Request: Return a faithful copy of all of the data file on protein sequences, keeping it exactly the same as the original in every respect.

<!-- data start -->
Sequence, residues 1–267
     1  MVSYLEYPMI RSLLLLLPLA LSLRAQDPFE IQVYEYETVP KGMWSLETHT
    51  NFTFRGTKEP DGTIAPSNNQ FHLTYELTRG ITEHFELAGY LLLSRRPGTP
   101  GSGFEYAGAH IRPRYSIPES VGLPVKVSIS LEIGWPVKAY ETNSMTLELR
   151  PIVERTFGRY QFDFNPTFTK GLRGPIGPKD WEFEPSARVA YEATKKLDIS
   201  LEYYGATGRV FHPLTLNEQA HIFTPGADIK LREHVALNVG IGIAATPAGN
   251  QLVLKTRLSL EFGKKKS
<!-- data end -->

Sequence, residues 1–267
     1  MVSYLEYPMI RSLLLLLPLA LSLRAQDPFE IQVYEYETVP KGMWSLETHT
    51  NFTFRGTKEP DGTIAPSNNQ FHLTYELTRG ITEHFELAGY LLLSRRPGTP
   101  GSGFEYAGAH IRPRYSIPES VGLPVKVSIS LEIGWPVKAY ETNSMTLELR
   151  PIVERTFGRY QFDFNPTFTK GLRGPIGPKD WEFEPSARVA YEATKKLDIS
   201  LEYYGATGRV FHPLTLNEQA HIFTPGADIK LREHVALNVG IGIAATPAGN
   251  QLVLKTRLSL EFGKKKS